If you’re following along from Part 1, we already know that JavaScript functions can be declared or expressed. We now know that functions must be called with() parameters, whether or not parameters have been included in our function. But there was also allusion to the option of calling functions without parameters. That’s where addEventListener() comes into play.

We’re going to use the same greeting() function as before, but this time we’re going to add it to a form, and when the form is submitted, we will get the greeting of the name that is submitted.

function greeting(name) { alert(`Hi ${name}!`)…


Not all data needs to go to a server.

If you are Amazon and you’re storing massive amounts of information in your server about each and every product you sell, do you really want to also store the information about each individual user’s preferences while visiting your site? Like say, what language they speak, whether the prefer light or dark mode, what they stored in their shopping cart but haven’t yet committed to purchasing, etc.? Probably not. The server is already busy handling transactions, shipping information, and more, it doesn’t need to be overloaded with these small pieces of information…


Functions in JavaScript are the most useful and also jumbling part of the language, in my humblest of opinions. Much like sentences in English, functions are the building blocks that make most websites, well, functional!

And much like English, I’ve had to dedicate some(*cough* a lot of) time and effort to fully understanding the rules and exceptions to functions in JavaScript. So I figured it’s time to help out my other friends who also aren’t so great with grammar, regardless of language!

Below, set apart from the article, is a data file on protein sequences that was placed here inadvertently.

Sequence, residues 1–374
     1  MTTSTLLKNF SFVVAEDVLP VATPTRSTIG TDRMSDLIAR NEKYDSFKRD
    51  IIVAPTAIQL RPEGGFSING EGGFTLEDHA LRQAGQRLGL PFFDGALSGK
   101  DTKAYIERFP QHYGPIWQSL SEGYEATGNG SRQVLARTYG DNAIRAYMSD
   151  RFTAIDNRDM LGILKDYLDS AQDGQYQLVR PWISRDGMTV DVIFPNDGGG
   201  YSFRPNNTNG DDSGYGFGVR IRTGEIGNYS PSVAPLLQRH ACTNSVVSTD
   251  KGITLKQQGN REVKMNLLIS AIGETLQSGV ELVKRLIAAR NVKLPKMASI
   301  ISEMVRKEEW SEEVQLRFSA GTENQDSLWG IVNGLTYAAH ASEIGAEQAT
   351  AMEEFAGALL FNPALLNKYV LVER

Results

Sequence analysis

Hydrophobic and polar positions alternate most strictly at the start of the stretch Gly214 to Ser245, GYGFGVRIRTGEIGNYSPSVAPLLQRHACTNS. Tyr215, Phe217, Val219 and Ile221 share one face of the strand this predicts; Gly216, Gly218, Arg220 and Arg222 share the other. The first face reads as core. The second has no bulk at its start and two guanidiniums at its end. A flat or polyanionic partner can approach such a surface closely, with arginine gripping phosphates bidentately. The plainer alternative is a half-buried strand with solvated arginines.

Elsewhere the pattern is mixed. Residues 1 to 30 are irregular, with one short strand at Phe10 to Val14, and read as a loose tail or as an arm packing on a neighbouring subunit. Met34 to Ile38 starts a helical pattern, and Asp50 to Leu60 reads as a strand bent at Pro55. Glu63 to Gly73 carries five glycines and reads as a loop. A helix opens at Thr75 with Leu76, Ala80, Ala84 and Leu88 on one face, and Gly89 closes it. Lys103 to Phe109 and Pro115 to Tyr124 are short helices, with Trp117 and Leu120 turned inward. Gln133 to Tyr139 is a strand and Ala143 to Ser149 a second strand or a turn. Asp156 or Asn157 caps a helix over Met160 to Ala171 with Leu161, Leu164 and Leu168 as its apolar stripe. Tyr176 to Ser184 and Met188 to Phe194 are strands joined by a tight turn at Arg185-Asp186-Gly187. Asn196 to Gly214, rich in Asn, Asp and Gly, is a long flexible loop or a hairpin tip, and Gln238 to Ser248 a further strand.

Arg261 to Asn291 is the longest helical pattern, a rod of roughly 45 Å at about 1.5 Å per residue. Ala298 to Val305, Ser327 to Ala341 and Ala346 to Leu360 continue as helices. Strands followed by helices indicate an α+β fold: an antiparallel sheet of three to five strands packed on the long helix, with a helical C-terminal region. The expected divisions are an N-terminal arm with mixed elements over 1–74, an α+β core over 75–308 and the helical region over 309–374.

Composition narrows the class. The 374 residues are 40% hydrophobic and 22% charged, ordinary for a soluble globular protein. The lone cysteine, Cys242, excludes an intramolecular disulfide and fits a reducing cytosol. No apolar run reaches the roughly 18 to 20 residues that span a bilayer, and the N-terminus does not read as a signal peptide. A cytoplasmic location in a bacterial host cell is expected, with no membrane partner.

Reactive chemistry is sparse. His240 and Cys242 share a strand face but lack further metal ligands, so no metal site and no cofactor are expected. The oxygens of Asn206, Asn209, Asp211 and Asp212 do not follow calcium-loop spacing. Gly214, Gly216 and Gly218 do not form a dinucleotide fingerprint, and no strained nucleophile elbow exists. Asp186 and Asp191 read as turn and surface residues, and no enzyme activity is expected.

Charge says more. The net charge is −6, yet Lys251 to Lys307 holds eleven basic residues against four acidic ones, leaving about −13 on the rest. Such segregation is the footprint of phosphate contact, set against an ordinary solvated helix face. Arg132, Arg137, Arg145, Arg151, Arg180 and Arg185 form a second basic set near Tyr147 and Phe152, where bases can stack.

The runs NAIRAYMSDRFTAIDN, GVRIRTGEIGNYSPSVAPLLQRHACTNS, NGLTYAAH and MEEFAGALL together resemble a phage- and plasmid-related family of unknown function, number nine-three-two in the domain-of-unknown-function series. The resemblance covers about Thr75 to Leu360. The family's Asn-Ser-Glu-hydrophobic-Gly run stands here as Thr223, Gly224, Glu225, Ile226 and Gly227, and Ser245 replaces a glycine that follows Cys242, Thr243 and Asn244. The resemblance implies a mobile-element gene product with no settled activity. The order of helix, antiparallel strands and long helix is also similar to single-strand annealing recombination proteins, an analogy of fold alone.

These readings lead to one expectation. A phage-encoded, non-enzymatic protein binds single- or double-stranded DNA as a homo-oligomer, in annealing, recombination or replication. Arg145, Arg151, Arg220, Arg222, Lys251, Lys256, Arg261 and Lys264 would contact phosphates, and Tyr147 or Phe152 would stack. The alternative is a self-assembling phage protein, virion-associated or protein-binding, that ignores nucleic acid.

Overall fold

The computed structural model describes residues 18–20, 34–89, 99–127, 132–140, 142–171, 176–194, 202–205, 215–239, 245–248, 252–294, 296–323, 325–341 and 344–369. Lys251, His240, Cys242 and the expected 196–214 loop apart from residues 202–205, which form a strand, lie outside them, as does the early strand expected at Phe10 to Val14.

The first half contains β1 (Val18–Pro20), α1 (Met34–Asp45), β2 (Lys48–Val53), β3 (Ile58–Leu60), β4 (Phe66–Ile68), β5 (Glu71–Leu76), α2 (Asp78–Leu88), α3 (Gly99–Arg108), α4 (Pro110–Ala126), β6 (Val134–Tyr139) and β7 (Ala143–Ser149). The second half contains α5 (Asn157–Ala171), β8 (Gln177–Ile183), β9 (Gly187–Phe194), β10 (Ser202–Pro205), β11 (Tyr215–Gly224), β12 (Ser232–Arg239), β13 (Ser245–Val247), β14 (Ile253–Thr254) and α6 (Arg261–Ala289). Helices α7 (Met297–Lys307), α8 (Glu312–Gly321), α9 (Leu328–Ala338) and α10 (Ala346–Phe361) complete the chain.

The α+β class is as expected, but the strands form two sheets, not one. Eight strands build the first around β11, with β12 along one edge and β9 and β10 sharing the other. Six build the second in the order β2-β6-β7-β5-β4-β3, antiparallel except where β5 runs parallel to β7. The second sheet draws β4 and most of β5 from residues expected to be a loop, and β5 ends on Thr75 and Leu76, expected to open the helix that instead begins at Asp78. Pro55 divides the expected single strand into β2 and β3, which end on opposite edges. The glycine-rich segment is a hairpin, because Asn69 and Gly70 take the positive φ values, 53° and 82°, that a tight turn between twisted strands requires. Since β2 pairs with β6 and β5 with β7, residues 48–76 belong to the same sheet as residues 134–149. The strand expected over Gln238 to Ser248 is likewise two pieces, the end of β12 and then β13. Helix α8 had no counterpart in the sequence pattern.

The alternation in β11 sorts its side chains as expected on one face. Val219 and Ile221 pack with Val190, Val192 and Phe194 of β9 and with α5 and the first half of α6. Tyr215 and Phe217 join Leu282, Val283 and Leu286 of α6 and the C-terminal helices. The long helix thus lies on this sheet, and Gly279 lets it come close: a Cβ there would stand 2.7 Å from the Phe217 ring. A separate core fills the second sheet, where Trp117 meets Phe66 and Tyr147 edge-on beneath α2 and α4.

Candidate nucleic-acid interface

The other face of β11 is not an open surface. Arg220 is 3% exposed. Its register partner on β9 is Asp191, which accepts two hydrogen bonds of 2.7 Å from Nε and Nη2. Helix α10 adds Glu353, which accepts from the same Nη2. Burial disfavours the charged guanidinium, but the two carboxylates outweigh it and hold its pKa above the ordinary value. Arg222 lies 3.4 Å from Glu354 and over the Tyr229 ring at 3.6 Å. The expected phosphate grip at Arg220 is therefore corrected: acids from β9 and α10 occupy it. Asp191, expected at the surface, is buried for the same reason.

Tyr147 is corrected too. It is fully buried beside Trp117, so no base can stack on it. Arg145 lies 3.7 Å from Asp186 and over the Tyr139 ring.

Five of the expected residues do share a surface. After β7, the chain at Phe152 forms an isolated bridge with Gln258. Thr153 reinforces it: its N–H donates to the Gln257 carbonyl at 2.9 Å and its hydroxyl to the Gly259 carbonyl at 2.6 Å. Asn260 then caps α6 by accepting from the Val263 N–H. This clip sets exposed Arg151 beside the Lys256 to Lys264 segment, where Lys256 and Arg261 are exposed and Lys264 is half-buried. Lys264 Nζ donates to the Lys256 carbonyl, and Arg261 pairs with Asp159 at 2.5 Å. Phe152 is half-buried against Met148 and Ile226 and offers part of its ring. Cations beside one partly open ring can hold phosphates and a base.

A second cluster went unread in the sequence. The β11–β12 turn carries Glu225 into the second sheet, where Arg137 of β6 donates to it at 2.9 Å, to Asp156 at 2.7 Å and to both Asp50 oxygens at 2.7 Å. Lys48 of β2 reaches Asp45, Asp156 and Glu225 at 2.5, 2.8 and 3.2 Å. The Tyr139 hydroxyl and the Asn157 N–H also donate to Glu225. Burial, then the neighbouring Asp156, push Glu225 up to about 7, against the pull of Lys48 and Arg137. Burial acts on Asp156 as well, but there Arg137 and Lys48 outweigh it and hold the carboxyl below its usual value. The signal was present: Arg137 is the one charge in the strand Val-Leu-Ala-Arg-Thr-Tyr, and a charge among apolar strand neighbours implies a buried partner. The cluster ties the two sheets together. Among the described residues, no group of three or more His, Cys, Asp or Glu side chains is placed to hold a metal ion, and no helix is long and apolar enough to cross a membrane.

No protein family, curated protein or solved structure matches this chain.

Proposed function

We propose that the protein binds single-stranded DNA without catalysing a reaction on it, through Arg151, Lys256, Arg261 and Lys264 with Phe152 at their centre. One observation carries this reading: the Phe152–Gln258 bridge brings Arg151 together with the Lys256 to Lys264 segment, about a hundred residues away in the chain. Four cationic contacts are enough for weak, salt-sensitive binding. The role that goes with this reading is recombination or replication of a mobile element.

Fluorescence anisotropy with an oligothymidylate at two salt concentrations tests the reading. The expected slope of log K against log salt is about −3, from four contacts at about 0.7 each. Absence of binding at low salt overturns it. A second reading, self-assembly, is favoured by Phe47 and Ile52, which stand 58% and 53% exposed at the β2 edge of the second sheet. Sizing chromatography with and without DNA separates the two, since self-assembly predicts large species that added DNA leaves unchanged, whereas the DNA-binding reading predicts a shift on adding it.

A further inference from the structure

What is a function?

The simplest way to define a function is that it is a means of defining some code that…


Building a new React project can be a little daunting when styling comes to mind. The concept of building a new app while simultaneously maintaining a solid aesthetic is no easy feat and it’s no wonder so many styling frameworks have popped up in response.

Material UI, Bootstrap, Semantic, are all incredibly popular and rightly so! However, if you are looking to build a beautifully streamlined app right off the bat, Chakra UI is a great place to start.

Before getting into all the tech stuff, it was created by Segun Adebayo who named it after Naruto. Honestly? Already sold.


Going into phase 4 of the Flatiron Coding Bootcamp, the process of going from “I don’t know what I don’t know” to “I know what I don’t know” is increasingly.. humbling every single day. As a person who genuinely enjoys the process of learning though, it’s also exciting. A good example of that is threads in programming. Now that me and my cohort members are more than halfway through our program, this concept of threads doesn’t just keep abstractly popping up, it’s a core part of our education. However, the thing about a bootcamp is that it’s hard to dig…


After the country shut down in March I was absolutely convinced, like many of us were, that the world was officially ending.

I lost my job, I wasn’t sure when I’d be going back to work, and no one knew what was happening from one day to the next. But by the time summer rolled around, I had worn myself out on drinking and wallowing in self-pity and was ready to tackle something new. Fast-forward to me being recommended Flatiron School, applying, doing 100 hours of pre-work, and getting started in class at the end of August!


In the few short weeks I’ve been at Flatiron School, if I’ve learned one singular thing about software engineering and development it’s that organization is imperative.

It’s not in my nature to think at such a functional level. I’m that person that has their head in the clouds and sees things on a grander scale, but can never find their keys or wallet. To say the learning curve has been steep is an…understatement. However that’s not to say it hasn’t happened! In a few weeks I’ve become pretty adept at setting myself a schedule (WILD) and keeping to it(EVEN WILDER!!)…

James Bond

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